Do you believe your lifestyle is sustainable?
Sustainable living is a lifestyle that attempts to reduce an individual’s or society’s use of the earth’s natural resources. Sustainable living refers to reducing one’s carbon footprint by diminishing energy consumption and altering modes of transportation. Proponents of sustainable living aim to conduct their lives in ways that encompass less waste, and promotes living in natural balance with the ecosystems of our earth.
Whether it’s riding a bike to work, reducing your use of plastic, or going off grid, there are a variety of ways to cut back on your carbon footprint and preserve Mother Earth. And one of the most popular trends in sustainable living popping up all around the world is living in sustainable living homes.
What Are Sustainable Living Homes
Sustainable living homes were created as part of an architectural movement that advocates living in smaller, simpler homes. Frequently referred to as tiny homes, they are less costly in terms of building, taxes, heating, maintenance and repair. Tiny homes encourage reduced ecological impact for their residents. The typical size of a small home is usually around 500-square feet. Tiny homes usually emphasize design over size, they utilize multi-functional furniture and they incorporate space-saving appliances. Vertical space optimization like a loft bed is also a common feature of tiny homes.
Tumbleweed Tiny Houses are known for their craftsmanship and quality materials in building tiny homes. Jay Shafer, the owner of Tumbleweed Tiny House Company, has led the way in the tiny house movement and educating people on the benefits of sustainable living.
You might think that a tiny home just isn’t for you, but wait until you discover all of the inspiring sustainable living homes out there! Here are just a few of our favorites to get your creative juices flowing:
6 Inspiring Sustainable Living Homes
1. The Yurt
The yurt is a round, semi-permanent tent. It’s a modern adaptation of a structure traditionally used by nomads in Central Asia. Yurts in the western hemisphere have developed into lightweight, low-cost, versions of the eastern ancient form. Modern users have made them structurally sound, long-lasting and low in maintenance. Yurts in the United States and Canada are usually made with hi-tech materials and are built for extreme weather conditions. Erecting a yurt can take days and they are not intended to be moved often. You can experience a yurt out here in the jungles of Costa Rica at Jungle Yurt Beach Front Vacation Rentals where you will be able to enjoy your stay in a 16 foot diameter yurt right by a water stream.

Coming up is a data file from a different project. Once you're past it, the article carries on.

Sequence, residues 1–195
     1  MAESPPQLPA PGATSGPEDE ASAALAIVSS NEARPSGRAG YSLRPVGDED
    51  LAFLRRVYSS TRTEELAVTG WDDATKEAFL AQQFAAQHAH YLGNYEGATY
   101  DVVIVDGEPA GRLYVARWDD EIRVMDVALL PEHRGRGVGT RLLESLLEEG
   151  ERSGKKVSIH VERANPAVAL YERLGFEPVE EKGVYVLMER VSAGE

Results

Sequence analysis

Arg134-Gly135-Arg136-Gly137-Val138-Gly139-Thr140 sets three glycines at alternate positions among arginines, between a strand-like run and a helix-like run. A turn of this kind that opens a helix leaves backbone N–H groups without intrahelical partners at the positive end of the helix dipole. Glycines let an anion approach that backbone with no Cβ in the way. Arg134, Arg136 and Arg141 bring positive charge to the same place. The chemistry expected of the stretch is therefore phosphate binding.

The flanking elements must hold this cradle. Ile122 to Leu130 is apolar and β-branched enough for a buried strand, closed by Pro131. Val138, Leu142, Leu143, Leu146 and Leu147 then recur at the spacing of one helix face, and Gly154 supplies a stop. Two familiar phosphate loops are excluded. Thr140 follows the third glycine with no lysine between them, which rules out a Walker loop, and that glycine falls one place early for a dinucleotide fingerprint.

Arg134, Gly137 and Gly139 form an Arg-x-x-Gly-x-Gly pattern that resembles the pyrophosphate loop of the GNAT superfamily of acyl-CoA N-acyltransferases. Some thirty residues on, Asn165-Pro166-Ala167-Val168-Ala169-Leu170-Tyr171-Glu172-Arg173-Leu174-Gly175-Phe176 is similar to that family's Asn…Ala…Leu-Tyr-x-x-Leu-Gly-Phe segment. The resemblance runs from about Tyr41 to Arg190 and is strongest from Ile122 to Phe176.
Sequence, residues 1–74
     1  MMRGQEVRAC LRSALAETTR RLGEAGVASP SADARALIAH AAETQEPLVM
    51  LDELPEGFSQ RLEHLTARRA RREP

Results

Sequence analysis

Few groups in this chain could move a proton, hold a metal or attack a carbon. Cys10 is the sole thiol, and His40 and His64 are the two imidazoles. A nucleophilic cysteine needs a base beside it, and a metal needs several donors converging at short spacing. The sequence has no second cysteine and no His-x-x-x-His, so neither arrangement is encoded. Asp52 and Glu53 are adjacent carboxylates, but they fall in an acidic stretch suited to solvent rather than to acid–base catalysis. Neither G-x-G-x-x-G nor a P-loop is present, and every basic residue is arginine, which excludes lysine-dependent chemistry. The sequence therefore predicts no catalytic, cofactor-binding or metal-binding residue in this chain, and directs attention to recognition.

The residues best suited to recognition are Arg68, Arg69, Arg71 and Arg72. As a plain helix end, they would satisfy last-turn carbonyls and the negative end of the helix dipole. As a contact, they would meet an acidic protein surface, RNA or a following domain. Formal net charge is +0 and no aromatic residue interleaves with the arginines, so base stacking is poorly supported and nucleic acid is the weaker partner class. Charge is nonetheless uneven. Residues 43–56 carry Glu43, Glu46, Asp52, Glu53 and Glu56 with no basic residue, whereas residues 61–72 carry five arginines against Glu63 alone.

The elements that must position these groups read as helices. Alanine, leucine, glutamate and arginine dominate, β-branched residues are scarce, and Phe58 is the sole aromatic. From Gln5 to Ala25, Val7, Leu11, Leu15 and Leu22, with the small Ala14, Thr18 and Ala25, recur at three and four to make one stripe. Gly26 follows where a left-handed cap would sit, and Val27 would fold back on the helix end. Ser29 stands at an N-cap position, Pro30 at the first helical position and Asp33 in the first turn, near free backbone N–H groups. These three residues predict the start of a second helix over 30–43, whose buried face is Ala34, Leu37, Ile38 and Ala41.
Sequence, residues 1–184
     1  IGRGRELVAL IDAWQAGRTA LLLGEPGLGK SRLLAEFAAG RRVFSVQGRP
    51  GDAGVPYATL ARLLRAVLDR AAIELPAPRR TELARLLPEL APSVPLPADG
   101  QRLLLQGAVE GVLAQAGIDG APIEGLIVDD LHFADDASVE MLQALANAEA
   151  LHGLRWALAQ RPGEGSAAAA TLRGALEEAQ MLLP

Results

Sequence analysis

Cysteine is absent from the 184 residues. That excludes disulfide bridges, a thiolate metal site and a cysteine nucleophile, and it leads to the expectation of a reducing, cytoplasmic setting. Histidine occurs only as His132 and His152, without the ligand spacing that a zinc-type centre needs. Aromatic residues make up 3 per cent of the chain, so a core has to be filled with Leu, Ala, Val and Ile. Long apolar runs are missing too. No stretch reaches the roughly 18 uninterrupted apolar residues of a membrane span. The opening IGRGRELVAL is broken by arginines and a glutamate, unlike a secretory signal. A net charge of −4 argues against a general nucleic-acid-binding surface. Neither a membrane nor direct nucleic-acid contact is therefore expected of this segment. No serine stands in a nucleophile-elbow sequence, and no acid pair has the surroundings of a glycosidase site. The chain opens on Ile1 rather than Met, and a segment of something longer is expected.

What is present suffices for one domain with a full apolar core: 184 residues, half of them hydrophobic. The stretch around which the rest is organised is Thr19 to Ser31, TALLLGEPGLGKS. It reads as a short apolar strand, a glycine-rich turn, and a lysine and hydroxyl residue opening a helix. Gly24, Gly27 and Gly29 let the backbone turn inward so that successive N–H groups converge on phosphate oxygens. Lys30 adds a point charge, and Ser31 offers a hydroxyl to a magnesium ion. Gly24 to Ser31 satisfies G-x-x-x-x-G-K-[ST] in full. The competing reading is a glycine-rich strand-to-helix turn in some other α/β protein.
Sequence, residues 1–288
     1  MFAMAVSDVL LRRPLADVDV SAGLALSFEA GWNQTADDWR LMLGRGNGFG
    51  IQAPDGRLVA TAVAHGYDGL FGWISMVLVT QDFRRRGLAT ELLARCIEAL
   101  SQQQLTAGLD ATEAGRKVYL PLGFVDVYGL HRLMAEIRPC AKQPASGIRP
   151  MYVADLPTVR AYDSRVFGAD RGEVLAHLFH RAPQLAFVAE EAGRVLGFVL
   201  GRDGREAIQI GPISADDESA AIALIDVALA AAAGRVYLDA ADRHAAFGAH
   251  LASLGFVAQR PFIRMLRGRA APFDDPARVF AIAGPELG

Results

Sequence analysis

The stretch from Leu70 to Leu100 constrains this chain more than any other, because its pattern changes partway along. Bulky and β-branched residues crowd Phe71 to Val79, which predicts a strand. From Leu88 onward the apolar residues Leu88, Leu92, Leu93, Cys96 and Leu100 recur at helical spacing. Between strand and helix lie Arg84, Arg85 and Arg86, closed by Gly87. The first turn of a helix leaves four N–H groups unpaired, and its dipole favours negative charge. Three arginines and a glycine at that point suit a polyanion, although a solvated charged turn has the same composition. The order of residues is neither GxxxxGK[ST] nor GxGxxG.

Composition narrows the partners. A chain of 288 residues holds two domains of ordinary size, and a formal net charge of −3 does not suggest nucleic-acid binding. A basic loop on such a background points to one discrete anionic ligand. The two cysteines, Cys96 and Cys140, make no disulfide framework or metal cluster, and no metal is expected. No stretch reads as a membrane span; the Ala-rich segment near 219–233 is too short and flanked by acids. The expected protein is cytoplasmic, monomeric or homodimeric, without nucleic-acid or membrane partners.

An Earthship is a type of passive solar house made of natural and recycled materials designed and marketed by Earthship Biotecture of Taos, New Mexico. The Earthship concept was first created by architect Michael Reynolds. Earthships are primarily designed to work as autonomous buildings using thermal mass construction and natural cross ventilation to regulate indoor temperature. Earthships minimize their reliance on fossil fuels and are built to utilize the available local resources, especially energy from the sun. For example, windows on sun-facing walls admit lighting and heating, and the buildings are often horseshoe-shaped to maximize natural light and solar-gain during winter months.
Earthships are a truly sustainable home as every component used in their construction is re-used. You will often see recycled tires filled with dirt as steps or other outdoor fixture.
3. Shipping Containers
Turning a shipping container into a living space is another excellent method of reusing — there are more than 300 million shipping containers sitting empty at ports around the world.